An analog-to-digital converter (ADC) is a key component in many electronic systems. It is used to convert analog signals to the equivalent digital form. The conversion involves sampling which is the process of converting a continuous-time signal to a sequence of discrete-time samples, and quantization in which each sampled value is represented using a finite number of bits. The sampling rate and the effective resolution (number of bits) are two key ADC performance metrics. Today, ADCs form a major bottleneck in many applications like communication systems since it is difficult to simultaneously achieve high sampling rate and high resolution. Among the various ADC architectures, the time-interleaved analog-to-digital converter (TI-ADC) has emerged as a popular choice for achieving very high sampling rates and resolutions. At the principle level, by interleaving the outputs of M identical channel ADCs, a TI-ADC could achieve the same resolution as that of a channel ADC but with M times higher bandwidth. However, in practice, mismatches between the channel ADCs result in a nonuniformly sampled signal at the output of a TI-ADC which reduces the achievable resolution. Often, in TIADC implementations, digital reconstructors are used to recover the uniform-grid samples from the nonuniformly sampled signal at the output of the TI-ADC. Since such reconstructors operate at the TI-ADC output rate, reducing the number of computations required per corrected output sample helps to reduce the power consumed by the TI-ADC. Also, as the mismatch parameters change occasionally, the reconstructor should support online reconfiguration with minimal or no redesign. Further, it is advantageous to have reconstruction schemes that require fewer coefficient updates during reconfiguration. In this thesis, we focus on reducing the design and implementation complexities of nonrecursive finite-length impulse response (FIR) reconstructors. We propose efficient reconstruction schemes for three classes of nonuniformly sampled signals that can occur at the output of TI-ADCs.
Firstly, we consider a class of nonuniformly sampled signals that occur as a result of static timing mismatch errors or due to channel mismatches in TI-ADCs. For this type of nonuniformly sampled signals, we propose three reconstructors which utilize a two-rate approach to derive the corresponding single-rate structure. The two-rate based reconstructors move part of the complexity to a symmetric filter and also simplifies the reconstruction problem. The complexity reduction stems from the fact that half of the impulse response coefficients of the symmetric filter are equal to zero and that, compared to the original reconstruction problem, the simplified problem requires only a simpler reconstructor.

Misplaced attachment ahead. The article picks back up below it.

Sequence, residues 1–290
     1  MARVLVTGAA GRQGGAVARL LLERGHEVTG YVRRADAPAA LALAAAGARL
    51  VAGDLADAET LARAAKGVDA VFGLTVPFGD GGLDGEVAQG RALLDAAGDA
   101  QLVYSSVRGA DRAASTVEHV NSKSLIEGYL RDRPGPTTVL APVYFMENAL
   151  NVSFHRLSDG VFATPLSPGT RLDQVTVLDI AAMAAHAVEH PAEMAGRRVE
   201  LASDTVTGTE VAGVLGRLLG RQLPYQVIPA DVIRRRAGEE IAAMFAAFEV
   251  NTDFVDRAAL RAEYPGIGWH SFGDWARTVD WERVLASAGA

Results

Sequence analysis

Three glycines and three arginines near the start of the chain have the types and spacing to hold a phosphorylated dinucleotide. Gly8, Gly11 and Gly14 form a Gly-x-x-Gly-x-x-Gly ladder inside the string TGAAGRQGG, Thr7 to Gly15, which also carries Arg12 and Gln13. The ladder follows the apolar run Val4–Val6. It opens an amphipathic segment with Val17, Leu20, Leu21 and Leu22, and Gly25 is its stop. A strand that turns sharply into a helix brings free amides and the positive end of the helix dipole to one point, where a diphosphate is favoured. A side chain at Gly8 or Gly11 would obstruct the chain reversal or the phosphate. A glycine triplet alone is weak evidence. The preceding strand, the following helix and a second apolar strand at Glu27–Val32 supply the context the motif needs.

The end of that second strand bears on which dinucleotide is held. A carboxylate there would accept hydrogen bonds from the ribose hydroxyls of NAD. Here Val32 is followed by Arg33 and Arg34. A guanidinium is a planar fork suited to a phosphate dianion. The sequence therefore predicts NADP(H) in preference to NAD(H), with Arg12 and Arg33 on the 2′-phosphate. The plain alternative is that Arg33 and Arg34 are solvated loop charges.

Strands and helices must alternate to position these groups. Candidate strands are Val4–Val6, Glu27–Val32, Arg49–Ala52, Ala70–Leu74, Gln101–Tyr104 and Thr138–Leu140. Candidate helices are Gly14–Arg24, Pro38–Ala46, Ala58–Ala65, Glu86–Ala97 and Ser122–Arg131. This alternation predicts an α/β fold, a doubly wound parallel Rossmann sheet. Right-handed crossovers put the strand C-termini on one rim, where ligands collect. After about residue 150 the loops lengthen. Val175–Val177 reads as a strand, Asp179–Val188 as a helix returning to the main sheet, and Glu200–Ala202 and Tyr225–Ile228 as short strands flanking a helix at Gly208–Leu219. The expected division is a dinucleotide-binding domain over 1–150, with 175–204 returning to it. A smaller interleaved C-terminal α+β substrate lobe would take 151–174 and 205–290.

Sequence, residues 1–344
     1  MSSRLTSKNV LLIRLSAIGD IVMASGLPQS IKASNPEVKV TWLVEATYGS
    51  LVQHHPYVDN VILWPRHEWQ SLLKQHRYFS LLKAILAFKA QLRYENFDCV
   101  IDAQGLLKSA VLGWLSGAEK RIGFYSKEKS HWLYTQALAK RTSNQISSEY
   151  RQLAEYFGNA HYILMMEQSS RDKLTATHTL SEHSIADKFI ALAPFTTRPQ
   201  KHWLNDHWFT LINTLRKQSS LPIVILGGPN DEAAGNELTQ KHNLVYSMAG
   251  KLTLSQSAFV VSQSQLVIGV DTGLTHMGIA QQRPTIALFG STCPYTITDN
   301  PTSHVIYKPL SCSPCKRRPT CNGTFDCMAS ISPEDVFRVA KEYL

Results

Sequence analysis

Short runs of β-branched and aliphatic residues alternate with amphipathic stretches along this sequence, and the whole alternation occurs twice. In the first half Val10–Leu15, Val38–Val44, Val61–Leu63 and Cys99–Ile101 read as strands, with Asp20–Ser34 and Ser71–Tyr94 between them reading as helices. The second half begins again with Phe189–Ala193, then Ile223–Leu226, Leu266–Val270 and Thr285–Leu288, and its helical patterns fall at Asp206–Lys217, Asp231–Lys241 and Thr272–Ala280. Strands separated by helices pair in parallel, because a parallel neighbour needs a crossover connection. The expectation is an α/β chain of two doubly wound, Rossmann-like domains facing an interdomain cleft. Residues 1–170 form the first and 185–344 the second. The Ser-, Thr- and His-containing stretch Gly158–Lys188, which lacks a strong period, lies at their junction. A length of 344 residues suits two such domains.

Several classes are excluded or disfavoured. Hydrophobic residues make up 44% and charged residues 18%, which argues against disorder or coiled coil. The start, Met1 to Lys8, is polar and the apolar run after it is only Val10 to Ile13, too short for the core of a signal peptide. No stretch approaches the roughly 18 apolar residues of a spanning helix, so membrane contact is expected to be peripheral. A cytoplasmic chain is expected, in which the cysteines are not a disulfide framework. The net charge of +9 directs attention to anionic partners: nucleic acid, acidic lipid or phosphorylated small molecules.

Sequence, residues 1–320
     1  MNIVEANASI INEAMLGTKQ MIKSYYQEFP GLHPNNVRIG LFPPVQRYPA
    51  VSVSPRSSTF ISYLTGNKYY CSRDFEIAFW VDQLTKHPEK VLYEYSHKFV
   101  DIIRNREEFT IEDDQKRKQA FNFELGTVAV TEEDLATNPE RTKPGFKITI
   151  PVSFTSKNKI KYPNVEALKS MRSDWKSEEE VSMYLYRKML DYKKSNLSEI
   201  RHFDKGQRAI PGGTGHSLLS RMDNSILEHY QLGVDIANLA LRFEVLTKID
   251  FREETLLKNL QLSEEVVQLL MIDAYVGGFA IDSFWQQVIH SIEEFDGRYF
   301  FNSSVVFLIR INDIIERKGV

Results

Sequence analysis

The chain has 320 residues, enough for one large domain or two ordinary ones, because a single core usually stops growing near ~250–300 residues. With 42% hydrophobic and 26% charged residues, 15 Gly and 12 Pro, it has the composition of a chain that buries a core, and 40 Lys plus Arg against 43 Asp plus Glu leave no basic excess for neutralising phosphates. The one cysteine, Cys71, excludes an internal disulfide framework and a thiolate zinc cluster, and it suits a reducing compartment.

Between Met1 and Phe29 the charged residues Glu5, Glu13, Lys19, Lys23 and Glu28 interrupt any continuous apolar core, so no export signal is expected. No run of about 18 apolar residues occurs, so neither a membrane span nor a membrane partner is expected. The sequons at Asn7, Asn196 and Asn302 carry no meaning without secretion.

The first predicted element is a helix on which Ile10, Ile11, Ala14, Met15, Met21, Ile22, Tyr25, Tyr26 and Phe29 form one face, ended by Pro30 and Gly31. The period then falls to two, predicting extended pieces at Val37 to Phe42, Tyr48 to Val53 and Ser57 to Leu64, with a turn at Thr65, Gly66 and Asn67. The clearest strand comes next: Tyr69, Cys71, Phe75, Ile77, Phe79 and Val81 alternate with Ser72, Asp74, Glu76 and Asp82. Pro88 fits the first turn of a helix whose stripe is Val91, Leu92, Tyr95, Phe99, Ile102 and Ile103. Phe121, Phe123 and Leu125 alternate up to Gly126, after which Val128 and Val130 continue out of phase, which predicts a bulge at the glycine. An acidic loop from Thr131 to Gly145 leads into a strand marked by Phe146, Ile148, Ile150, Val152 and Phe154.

Next, we consider the class of nonuniformly sampled signals that occur when a TI-ADC is used for sub-Nyquist cyclic nonuniform sampling (CNUS) of sparse multi-band signals. Sub-Nyquist sampling utilizes the sparsities in the analog signal to sample the signal at a lower rate. However, the reduced sampling rate comes at the cost of additional digital signal processing that is needed to reconstruct the uniform-grid sequence from the sub-Nyquist sampled sequence obtained via CNUS. The existing reconstruction scheme is computationally intensive and time consuming and offsets the gains obtained from the reduced sampling rate. Also, in applications where the band locations of the sparse multi-band signal can change from time to time, the reconstructor should support online reconfigurability. Here, we propose a reconstruction scheme that reduces the computational complexity of the reconstructor and at the same time, simplifies the online reconfigurability of the reconstructor.
Finally, we consider a class of nonuniformly sampled signals which occur at the output of TI-ADCs that use some of the input sampling instants for sampling a known calibration signal. The samples corresponding to the calibration signal are used for estimating the channel mismatch parameters. In such TI-ADCs, nonuniform sampling is due to the mismatches between the channel ADCs and due to the missing input samples corresponding to the sampling instants reserved for the calibration signal. We propose three reconstruction schemes for such nonuniformly sampled signals and show using design examples that, compared to a previous solution, the proposed schemes require substantially lower computational complexity.
Linköping: Linköping University Electronic Press, 2015. , 80 p.